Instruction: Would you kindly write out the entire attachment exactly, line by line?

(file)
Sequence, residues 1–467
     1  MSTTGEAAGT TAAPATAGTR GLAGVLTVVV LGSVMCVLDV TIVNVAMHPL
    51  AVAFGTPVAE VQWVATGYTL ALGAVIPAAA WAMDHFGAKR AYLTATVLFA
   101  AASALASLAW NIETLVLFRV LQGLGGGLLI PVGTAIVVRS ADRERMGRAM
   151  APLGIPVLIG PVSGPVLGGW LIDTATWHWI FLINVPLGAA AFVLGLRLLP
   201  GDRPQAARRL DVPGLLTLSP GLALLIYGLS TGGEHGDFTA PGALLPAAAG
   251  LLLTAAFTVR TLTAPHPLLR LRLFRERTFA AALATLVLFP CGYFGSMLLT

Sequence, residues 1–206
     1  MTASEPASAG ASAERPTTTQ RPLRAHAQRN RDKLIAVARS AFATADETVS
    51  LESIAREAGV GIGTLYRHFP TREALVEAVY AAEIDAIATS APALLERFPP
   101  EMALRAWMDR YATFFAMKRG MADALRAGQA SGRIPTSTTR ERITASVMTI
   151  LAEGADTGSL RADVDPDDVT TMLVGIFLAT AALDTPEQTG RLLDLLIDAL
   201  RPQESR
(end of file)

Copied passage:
Sequence, residues 1–467
     1  MSTTGEAAGT TAAPATAGTR GLAGVLTVVV LGSVMCVLDV TIVNVAMHPL
    51  AVAFGTPVAE VQWVATGYTL ALGAVIPAAA WAMDHFGAKR AYLTATVLFA
   101  AASALASLAW NIETLVLFRV LQGLGGGLLI PVGTAIVVRS ADRERMGRAM
   151  APLGIPVLIG PVSGPVLGGW LIDTATWHWI FLINVPLGAA AFVLGLRLLP
   201  GDRPQAARRL DVPGLLTLSP GLALLIYGLS TGGEHGDFTA PGALLPAAAG
   251  LLLTAAFTVR TLTAPHPLLR LRLFRERTFA AALATLVLFP CGYFGSMLLT

Sequence, residues 1–206
     1  MTASEPASAG ASAERPTTTQ RPLRAHAQRN RDKLIAVARS AFATADETVS
    51  LESIAREAGV GIGTLYRHFP TREALVEAVY AAEIDAIATS APALLERFPP
   101  EMALRAWMDR YATFFAMKRG MADALRAGQA SGRIPTSTTR ERITASVMTI
   151  LAEGADTGSL RADVDPDDVT TMLVGIFLAT AALDTPEQTG RLLDLLIDAL
   201  RPQESR